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Voting Principles

Preservation of wealth is one of the pillars of Foord’s investment philosophy. Two proposals are often raised at company AGMs that appear innocuous but, in our estimation, erode shareholder returns. We are active participants in protecting shareholder interests and have consistently voted against these (and other dilutive) proposals:

1. Placing shares under the control of management
Many corporates annually seek blanket approval from shareholders authorising management to issue up to 10% of their shares in issue. Usually this approval is sought so that management can raise cash at short notice for corporate activities such as acquisitions. However, such shares are often only issued to selected shareholders to the exclusion of the others. To compound the inequity, such share issues may occur at a discount to the prevailing market price. This results in a dilution in the value of shares to non-participating shareholders. We believe that if a potential acquisition is attractive, the company should prioritise the use of cash and/or debt. If such facilities are inadequate, companies should approach shareholders to approve the transaction and then participate on an equitable basis.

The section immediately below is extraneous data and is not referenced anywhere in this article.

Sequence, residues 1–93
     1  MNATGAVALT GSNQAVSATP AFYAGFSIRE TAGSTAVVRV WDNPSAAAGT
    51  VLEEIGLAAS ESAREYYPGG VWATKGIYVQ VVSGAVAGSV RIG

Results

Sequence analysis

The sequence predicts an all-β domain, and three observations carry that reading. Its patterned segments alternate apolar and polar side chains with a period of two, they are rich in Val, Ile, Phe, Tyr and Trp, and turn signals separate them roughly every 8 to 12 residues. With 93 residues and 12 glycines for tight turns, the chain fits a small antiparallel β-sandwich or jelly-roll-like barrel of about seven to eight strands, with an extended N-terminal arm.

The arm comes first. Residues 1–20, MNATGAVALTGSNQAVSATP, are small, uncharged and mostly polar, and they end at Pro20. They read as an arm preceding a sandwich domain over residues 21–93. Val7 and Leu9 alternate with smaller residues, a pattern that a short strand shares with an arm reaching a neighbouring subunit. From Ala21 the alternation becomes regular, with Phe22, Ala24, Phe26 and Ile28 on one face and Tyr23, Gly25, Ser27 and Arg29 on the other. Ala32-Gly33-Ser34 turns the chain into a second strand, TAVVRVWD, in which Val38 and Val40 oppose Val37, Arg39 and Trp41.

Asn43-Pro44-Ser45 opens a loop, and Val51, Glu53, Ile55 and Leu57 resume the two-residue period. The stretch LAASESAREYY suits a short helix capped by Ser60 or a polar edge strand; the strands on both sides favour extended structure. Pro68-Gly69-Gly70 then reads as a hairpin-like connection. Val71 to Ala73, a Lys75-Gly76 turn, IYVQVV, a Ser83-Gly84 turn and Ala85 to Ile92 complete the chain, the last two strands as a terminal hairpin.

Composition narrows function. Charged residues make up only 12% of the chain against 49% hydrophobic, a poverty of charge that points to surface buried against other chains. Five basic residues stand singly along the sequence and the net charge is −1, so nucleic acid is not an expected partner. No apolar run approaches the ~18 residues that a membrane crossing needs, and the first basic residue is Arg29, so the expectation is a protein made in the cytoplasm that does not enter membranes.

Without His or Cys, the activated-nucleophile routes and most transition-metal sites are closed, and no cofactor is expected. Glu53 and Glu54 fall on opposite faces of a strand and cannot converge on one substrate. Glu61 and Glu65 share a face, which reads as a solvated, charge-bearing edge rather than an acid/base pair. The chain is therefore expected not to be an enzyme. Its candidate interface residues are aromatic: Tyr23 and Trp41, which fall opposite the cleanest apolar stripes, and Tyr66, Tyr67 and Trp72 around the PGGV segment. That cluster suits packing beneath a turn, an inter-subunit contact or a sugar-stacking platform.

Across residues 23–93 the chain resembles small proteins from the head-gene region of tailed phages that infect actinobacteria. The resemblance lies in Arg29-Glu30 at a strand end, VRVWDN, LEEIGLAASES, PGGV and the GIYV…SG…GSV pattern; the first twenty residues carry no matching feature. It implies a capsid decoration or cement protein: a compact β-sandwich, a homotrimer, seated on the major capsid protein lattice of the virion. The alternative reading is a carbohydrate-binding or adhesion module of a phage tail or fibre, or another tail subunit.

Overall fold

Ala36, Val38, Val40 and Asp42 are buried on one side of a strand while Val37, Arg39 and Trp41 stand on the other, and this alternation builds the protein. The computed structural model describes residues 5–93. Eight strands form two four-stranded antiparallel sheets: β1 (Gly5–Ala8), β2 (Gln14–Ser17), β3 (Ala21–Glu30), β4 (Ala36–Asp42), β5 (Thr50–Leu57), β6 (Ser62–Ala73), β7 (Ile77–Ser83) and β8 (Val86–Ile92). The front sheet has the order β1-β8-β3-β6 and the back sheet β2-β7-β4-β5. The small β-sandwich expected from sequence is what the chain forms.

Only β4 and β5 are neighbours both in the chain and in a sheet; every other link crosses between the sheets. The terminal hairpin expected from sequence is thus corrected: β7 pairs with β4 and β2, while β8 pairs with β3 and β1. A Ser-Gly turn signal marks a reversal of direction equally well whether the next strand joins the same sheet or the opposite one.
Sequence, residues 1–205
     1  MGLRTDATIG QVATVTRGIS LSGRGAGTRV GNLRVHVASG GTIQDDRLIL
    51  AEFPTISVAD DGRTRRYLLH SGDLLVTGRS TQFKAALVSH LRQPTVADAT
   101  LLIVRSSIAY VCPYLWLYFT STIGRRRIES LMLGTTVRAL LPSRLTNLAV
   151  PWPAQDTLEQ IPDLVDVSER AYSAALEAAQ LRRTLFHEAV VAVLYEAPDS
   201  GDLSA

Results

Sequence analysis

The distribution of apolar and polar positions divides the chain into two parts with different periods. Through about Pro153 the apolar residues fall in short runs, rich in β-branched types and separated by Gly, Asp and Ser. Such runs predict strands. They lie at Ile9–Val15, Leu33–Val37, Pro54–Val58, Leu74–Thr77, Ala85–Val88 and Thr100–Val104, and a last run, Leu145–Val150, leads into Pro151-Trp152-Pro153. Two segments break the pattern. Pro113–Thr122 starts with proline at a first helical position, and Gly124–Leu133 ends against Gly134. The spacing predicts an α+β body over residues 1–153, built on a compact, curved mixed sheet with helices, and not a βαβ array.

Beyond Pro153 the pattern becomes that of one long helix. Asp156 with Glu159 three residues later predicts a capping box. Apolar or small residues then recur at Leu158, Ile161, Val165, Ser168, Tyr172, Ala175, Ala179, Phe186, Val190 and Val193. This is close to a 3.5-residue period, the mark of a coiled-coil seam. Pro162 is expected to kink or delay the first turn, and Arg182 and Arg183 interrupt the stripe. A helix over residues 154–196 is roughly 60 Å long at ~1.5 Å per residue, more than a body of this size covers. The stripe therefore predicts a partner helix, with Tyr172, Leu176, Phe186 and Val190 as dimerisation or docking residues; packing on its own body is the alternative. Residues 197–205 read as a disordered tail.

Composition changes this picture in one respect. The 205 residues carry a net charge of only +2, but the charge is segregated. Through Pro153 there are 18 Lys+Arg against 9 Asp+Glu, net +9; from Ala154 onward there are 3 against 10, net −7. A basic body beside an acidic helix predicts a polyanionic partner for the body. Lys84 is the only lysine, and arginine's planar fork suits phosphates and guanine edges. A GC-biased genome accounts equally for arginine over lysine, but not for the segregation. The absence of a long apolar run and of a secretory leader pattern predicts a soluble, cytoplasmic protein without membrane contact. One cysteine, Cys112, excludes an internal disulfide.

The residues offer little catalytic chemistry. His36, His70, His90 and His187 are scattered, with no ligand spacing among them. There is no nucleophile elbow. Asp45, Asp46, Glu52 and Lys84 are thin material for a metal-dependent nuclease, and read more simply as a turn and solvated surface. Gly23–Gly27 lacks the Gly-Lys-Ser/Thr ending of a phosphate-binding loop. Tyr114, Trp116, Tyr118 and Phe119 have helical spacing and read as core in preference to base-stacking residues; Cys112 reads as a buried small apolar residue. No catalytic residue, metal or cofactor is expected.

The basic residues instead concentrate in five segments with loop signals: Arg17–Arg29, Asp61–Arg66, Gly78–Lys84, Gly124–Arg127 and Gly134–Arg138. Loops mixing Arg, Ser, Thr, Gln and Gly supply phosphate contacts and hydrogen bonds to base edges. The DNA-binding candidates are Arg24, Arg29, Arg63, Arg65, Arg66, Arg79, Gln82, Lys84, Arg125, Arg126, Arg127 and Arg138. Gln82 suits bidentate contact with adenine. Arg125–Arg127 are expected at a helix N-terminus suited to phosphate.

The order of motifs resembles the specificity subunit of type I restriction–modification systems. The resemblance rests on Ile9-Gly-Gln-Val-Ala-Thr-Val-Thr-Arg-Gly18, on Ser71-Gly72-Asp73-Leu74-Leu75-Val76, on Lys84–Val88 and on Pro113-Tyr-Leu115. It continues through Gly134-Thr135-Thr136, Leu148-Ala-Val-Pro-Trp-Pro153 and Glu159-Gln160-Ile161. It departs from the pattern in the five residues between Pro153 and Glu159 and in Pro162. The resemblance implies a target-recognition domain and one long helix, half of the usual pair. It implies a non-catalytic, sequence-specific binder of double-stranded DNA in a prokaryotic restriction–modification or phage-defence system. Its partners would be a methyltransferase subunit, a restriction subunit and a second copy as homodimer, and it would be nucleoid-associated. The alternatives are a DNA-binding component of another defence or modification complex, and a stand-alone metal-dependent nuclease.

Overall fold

2. Share incentive schemes
As shareholders, we endorse management being significant shareholders in their own companies and we support competent management teams being well rewarded. However, we believe management should use their cash remuneration to acquire those shares on the market on the same terms as all other shareholders. This is because share incentive schemes usually lead to dilution in the value of shares of other shareholders. There have been too many examples of share incentive schemes simply providing management with a free call option on price appreciation unrelated to their contribution to the business. Over the short to medium term share price movements can also be driven by factors outside of management’s control. Why then should they gain from price appreciation that may have little to do with good management but bear no downside risks for price depreciation? Furthermore, it is amazing how often incentive schemes are priced at market lows or re-priced downwards when market conditions move against them. The dilutive costs of an option scheme are often not fully reflected in the income statement or are deferred to future years. We therefore prefer remuneration to be based on cash awards that have a direct, visible cost in the year that it was incurred.

At Foord we take our voting rights seriously, with contentious issues debated by the full investment team. Through voting appropriately we try to ensure that our investors benefit fully from their underlying investments and not allow their interests to be diluted in any way.